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You can exhale now,iRobot investors: The Roomba maker's crucial focus on innovation and R&D spending will remain intact for now.
If you think that sounds like a strange sentence to write about a robotics company, I can't blame you. But it's exactly what was at stake at iRobot's annual shareholder meeting this week. More specifically ahead of that meeting, iRobot found itself engaged in a proxy battle with activist investor group Red Mountain Capital.
Red Mountain sought to replace two iRobot board directors who were up for election this year with its own nominees. In response to the move, iRobot went on the offensive last month to plead with shareholders to vote for its nominees, asserting Red Mountain's candidates "have no relevant expertise in our industry and lack a fundamental understanding of iRobot's business." By contrast, iRobot argued, its two candidates would bring strong experience in areas that are critical to its future, including software development, cloud computing and SaaS, and the Internet of Things.
Among other concerns, iRobot also warned that Red Mountain wanted to reduce its R&D spending, from around 12% of annual revenue to levels more in line with traditional consumer products companies. This could have disastrous effects on its ability to maintain a technological edge given the increasing competition in its high-tech space.
But on Wednesday morning, iRobot announced that, based on a preliminary vote count provided by its proxy solicitor following the meeting, shareholders have sided with iRobot by electing its nominees, Mohamad Ali and Michael Bell, to the iRobot board. iRobot elaborated in a statement:
The results aren't official yet. Rather, iRobot will file final voting results with the SEC once they're certified by the independent director of elections.
In the meantime, I agree that iRobot investors can safely mark this vote down in the "win" column. This shouldn't be entirely surprising considering I already made it clearthat I disagreed with Red Mountain's criticisms of iRobot's business model when the activist investor group significantly increased its stake in the company late last year. At the time, Red Mountain called out iRobot for its "history of poor stock price performance, lack of capital allocation discipline, and shareholder-unfriendly corporate governance practices."
Those comments seemed to be in stark contrast to my own previous research, which indicated that iRobot has a history of meticulously dividing its R&D investments between advancements in key future technologies like navigation and manipulation, and funds dedicated to "actual product development" -- that is, maintaining and improving iRobot's current core products to ensure it can drive revenue and profitable growth.
To Red Mountain's credit, it also suggested that iRobot refocus its business on the home robot segment by exploring strategic alternatives for its government-centric defense and security segment. But iRobot was already in the process of doing so as it enlisted the help of Blackstone Advisory Partners -- now PJT Partners -- in early 2014, and ultimately sold the defense and security business to Arlington Capital Partners earlier this year. As it turns out, iRobot used the proceeds of the sale for a decidedly shareholder-friendly purpose of expanding its share repurchase program to $100 million this year.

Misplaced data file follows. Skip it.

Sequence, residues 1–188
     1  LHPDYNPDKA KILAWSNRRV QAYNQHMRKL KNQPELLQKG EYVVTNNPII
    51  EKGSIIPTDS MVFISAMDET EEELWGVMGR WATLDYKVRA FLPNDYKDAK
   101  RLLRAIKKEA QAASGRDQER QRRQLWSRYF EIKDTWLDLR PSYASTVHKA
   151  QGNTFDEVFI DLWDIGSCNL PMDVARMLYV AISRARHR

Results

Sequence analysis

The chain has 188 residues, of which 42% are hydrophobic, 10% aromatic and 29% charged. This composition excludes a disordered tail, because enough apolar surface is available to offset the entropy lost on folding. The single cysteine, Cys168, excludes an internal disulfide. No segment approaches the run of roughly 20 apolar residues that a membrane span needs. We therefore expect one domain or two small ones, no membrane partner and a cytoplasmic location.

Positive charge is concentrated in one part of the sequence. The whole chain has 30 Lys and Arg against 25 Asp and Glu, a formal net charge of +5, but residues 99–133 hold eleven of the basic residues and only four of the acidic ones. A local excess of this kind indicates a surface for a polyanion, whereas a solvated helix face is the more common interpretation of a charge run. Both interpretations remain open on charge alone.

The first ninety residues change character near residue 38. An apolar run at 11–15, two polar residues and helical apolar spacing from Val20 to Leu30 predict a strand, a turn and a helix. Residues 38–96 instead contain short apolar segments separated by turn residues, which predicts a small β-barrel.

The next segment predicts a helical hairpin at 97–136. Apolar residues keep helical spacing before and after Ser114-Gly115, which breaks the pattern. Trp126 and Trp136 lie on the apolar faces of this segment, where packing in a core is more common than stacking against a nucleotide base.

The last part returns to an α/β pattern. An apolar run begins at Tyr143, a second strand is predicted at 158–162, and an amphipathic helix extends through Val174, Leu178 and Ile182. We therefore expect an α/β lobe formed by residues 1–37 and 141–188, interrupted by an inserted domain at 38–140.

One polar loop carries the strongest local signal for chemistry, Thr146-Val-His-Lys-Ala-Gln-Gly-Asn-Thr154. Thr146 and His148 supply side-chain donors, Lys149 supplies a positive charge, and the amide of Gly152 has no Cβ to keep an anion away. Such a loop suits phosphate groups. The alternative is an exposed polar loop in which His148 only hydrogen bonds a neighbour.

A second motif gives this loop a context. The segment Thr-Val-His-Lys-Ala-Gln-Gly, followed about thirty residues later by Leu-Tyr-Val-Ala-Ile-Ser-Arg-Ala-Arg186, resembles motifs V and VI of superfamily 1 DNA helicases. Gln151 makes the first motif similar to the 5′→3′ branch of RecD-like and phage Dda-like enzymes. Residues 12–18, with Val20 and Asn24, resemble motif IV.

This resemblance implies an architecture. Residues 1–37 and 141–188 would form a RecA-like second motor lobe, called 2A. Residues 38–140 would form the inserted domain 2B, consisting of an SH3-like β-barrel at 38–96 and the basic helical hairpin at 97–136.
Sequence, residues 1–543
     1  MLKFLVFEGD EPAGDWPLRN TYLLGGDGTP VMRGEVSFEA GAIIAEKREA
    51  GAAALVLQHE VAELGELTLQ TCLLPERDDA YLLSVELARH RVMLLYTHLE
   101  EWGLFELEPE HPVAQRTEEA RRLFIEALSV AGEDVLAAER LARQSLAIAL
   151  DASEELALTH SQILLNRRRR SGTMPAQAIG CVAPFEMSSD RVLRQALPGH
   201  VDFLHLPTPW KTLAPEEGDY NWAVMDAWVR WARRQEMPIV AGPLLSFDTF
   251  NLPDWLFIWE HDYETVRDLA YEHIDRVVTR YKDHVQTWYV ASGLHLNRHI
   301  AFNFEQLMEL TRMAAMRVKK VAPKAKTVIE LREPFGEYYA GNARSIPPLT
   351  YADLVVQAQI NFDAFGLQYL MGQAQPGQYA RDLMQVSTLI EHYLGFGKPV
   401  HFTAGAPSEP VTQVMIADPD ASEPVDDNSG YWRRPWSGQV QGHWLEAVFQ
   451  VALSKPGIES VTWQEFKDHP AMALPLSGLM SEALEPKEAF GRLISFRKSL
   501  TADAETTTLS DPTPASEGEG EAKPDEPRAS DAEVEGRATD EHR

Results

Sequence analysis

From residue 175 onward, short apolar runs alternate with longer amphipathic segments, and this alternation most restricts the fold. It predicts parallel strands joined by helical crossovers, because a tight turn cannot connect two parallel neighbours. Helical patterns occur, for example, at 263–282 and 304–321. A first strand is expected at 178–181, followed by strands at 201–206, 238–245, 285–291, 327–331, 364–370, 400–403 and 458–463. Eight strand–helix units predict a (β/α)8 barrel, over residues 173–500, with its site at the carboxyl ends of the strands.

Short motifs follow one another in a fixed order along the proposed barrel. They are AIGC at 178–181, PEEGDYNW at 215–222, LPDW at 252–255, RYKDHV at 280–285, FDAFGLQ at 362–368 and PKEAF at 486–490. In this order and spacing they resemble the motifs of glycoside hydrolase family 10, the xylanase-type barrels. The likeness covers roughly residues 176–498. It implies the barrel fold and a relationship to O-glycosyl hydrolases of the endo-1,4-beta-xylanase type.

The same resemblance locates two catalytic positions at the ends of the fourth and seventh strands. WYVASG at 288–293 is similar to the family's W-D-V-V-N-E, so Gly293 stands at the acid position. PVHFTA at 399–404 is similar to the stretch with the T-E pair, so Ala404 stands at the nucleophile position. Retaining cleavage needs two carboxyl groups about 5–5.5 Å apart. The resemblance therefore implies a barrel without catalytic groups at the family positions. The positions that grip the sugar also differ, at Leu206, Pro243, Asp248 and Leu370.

It couldn't have hurt that iRobot stock popped more than 10% in a single day after the company announced stronger-than-expected first-quarter results late last month, including more than 55% year-over-year growth in domestic home robot sales, which was driven by both its massively popularhigh-tech Roomba 980, and an "overwhelmingly positive response" to its new Braava jet floor-mopping robot. What's more, iRobot can look forward to launching Braava jet in China and Japan in the third quarter, fulfilling the affordable new bot's global purpose of diversifying revenue away from core Roomba sales by taking market share in two countries whose consumers have dwellings with predominantly hard-floor surfaces.
Of course, these products are only the tip of the iceberg for iRobot given the vast long-term potential for its niche to expand both outside the home,and to more detailed tasks including object manipulation and autonomous navigation and mapping. But if one thing seems sure, it's realizing that potential will be much easier for iRobot with this proxy fight resolved.
The article iRobot Corporation Just Won Its Battle With Red Mountain originally appeared on Fool.com.
Steve Symington owns shares of iRobot. The Motley Fool owns shares of and recommends iRobot. Try any of our Foolish newsletter services free for 30 days. We Fools may not all hold the same opinions, but we all believe that considering a diverse range of insights makes us better investors. The Motley Fool has a disclosure policy.
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